The roads so far and from Ulus to Pinarbasi were fine. Eser’s carpal tunnel and tennis elbow which she has nurtured since we started driving in the countryside from clutching the armrests and door handles of the car with fear did not get a boost. Neither was she given a chance to fall asleep because of the curves.

We knew we were either in or skirting the Kure National Park. She wanted to take some side roads towards a few hills which I refused to call mountains. I argued that the hills were too insignificant to belong in a Nature Park. And, I was the driver at the time.

Came to Pinarbasi, another nice small town, parked in the town square to find a spare charger for my mobile phone which Eser had forgotten to pack . And we met the Mayor’s cousin who sort of half ran, half rolled towards us, asking if he could help and telling us that he had a barbers shop if we needed a hair cut. He took us to a shop which he said would have the charger for sure. Fortunately the shopkeeper could give us directions for the only other shop of the type at the other end of the square.

However, the mayor’s cousin was good for a topic of conversation on later days, when we wanted to get away from stronger feelings between husband and wife. He also gave us the correct directions to Pasa Konagi, our B&B, “Straight down that road for 300 meters).

This is where I paste my Pasa Konagi Review, which I had actually posted on another thread :

Pasa Konagi is a quaint 100-200 year old wooden village mansion renovated to operate as an eight room hotel, in the small town of Pinarbasi, in Kastamonu province. The rooms are upstairs, around a large central space which can be used for meetings. Downstairs, there is again a large central room and also large kitchen and dining room. As in traditional Anatolian homes, you have to remove your shoes before you can go up to the second floor. (And as in traditional Anatolian living, we left our shoes there and always found them as they were, in the morning, possibly because ours were the worst looking ones.)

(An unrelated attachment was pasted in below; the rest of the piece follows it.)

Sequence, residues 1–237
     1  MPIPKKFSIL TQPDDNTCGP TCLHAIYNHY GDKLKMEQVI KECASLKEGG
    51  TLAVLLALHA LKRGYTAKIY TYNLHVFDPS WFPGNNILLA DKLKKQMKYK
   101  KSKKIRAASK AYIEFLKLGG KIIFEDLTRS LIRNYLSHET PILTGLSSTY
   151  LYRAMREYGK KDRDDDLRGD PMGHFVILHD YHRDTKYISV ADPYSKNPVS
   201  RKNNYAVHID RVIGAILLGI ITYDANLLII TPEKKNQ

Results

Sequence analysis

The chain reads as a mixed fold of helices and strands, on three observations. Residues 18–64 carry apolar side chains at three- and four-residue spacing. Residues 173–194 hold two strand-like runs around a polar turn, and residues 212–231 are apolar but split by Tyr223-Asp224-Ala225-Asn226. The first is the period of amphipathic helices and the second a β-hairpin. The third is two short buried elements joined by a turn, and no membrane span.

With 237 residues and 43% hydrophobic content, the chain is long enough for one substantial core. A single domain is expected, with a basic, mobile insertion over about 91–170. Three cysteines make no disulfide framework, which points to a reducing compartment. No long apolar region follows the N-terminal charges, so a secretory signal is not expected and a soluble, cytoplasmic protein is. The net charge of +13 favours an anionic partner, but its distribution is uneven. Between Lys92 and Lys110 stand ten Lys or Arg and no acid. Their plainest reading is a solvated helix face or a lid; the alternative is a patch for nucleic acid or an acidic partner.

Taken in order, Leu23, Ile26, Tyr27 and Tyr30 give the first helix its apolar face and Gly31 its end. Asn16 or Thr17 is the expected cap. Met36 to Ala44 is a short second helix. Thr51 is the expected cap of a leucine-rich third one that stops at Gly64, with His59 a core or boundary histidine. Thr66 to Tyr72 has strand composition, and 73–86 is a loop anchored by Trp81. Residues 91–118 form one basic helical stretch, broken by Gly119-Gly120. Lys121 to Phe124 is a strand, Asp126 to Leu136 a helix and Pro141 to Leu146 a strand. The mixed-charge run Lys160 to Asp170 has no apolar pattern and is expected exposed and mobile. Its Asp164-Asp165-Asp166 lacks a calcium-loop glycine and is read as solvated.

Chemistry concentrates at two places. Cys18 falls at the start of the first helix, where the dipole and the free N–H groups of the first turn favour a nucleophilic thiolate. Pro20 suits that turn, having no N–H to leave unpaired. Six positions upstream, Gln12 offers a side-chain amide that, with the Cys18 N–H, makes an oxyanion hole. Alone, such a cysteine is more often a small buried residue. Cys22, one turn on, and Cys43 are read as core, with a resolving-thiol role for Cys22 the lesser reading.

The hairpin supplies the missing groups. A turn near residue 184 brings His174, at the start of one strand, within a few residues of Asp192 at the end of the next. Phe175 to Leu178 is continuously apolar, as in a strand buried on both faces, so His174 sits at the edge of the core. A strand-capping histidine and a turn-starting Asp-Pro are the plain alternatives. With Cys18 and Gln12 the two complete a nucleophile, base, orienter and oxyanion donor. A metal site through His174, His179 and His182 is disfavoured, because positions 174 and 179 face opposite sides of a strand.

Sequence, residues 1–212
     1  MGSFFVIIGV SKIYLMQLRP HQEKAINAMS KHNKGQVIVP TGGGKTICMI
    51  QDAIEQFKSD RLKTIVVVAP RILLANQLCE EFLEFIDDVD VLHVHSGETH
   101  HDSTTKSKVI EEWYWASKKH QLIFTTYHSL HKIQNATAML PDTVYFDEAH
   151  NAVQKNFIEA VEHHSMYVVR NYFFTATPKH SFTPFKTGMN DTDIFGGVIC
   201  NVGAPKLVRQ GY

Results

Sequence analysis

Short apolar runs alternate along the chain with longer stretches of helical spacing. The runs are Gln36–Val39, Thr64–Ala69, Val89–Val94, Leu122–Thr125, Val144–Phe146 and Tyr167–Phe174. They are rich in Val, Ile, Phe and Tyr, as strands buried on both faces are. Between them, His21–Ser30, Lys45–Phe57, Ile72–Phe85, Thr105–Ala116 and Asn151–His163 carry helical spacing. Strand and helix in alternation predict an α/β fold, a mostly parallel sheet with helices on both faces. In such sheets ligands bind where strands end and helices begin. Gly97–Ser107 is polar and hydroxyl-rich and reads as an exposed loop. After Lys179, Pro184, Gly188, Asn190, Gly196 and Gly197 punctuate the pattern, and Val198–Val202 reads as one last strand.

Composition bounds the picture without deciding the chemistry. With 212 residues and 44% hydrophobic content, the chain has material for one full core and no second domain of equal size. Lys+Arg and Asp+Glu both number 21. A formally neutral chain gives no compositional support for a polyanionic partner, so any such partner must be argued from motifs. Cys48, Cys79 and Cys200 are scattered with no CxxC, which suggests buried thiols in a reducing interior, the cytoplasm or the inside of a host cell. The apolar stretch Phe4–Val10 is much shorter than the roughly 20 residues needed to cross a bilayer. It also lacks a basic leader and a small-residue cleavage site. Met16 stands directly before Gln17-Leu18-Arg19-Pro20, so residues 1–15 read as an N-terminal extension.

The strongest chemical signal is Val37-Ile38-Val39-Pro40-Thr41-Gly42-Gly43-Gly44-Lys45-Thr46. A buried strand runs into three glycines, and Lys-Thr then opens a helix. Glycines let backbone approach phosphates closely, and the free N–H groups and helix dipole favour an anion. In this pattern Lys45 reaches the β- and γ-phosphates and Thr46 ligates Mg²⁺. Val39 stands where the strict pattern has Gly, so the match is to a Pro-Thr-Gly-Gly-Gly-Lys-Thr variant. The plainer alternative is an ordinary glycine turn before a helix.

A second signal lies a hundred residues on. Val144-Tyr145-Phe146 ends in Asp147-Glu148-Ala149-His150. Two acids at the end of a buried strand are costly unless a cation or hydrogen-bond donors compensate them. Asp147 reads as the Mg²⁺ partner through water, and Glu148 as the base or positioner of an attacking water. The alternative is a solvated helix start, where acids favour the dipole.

There is a nice garden on the back with a small waterfall on its borders, and picnic seating and children’s playground.. I believe that they serve the breakfast outside when weather permits. When we were there in April, we had to keep the wood-burning stove going in our bedroom all night long. It was fun in a way, but either because of inexperience, or because it’s the way of these stoves, every time I added logs, it would get very hot, I would take most of my clothes off, my wife would look at me suspiciously, and after an hour, I would wake up feeling cold and put some clothes on. At that stage, my wife would also wake up, look at me in a different way and curl up under double blankets, with another sigh. A further hour down, the freeze would start setting, and I would have to get up to rekindle the stove and put more logs in, and my wife would wake up again and seeing me with the logs, start eyeing the door. (She never told me what went on in her mind that night. I think we will go back again just so that I can find out.)